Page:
I would like to share my thoughts on psychotherapy from a therapist’s perspective.
In a theraputic setting, it is possible to live a whole life-time in an hour or have a marriage and a divorce in fifteen minutes. Sometimes therapy can be intense!
Here is a fictitious case example of a couple struggling with issues:
Jack and Lisa have been married for 4 years and have an 11 month old baby. Jack is cool, thoughtful and logical. Lisa is animated, emotional and spontaneous. They remember being adoring, affectionate and each other’s soul-mate.
Now, almost daily there is bickering and escalated aggressive arguing about who is the more competent parent, to the point that they are contemplating ending the marriage . He is becoming angry and threatening; she is fearful and almost defeated. The child shows his suffering from the emotionally charged atmosphere by constantly fussing and needing a parent beside him at all times.
As the story unfolds, I am looking for the presence of that one moment which offers the possibility of a real and true connection. Now, when it shows itself, we can begin the building of trust and bring into view the bridge to transformation.
We discover that Jack was 9 months old when his mother was diagnosed with severe Personality Disorder and he has never felt that he was heard or that he mattered. Lisa was the eldest of 6 children and was always made to feel responsible and to take charge. Lisa realizes that when she takes control in the home and with their son as she was brought up to do, Jack again starts to feel insignificant and invisible and reacts by becoming domineering and rageful . Jack then understands how his anger contributes to Lisa’s loss of confidence and self-esteem.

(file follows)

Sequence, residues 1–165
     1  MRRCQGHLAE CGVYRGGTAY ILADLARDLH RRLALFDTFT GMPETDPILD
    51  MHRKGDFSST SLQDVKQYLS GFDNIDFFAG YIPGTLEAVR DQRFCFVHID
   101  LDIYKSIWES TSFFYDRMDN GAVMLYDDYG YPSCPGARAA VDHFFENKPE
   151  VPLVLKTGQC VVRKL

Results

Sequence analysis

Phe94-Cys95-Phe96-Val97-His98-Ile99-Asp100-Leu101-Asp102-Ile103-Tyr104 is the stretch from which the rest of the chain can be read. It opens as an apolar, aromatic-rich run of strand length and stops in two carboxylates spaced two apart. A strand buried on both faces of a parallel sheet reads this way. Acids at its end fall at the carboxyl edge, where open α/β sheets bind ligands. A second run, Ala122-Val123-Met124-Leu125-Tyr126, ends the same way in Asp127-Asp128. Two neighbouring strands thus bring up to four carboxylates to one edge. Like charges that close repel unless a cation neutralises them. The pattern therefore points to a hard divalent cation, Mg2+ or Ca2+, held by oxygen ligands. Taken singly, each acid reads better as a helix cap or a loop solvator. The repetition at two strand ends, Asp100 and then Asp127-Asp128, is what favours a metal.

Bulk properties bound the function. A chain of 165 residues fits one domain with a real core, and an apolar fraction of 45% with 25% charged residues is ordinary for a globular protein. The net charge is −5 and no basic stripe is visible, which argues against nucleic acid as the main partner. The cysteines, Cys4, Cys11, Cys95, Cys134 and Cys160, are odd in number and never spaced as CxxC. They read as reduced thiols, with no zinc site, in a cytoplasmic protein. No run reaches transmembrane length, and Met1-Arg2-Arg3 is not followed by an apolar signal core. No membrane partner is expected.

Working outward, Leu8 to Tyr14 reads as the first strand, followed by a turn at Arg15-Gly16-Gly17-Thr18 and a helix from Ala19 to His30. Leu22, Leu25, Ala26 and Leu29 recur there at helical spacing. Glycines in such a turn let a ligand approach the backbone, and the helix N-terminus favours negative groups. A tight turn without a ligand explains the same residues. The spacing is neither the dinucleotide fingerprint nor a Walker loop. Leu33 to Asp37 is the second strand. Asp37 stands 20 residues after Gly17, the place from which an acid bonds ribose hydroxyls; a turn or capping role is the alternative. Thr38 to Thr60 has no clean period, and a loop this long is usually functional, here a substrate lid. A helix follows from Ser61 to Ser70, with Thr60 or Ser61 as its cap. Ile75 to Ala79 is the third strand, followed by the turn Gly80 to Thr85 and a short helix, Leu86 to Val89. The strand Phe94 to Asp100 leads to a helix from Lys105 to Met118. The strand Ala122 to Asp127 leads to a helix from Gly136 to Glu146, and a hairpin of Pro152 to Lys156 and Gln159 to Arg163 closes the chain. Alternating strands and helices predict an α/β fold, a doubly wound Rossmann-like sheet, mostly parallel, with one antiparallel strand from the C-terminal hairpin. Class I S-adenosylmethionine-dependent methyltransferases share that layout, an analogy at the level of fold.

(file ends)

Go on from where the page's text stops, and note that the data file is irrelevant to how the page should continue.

As the couple accept that they are being triggered by old wounds from the unmet needs of their childhood and that they are engaged in an age-old power struggle, they begin to feel compassion rather than alienation; and openness to participating in making change.
Wisdom – Balance – Courage
I believe a good therapist brings to the relationship nothing less than the wholeness of his or her being. Like a well-tuned instrument s/he resonates with the deepest and most unconscious, unspoken thoughts and feelings of the client.
While providing a safe and accepting space, the therapist can actively become a catalyst for the healing process. I envision with insight and imagination the direction in which growth may best be achieved in concert with the client’s expression of their own individual needs.
It is a complex and beautiful dance; and what a thrill it is to witness the unfolding of spirit!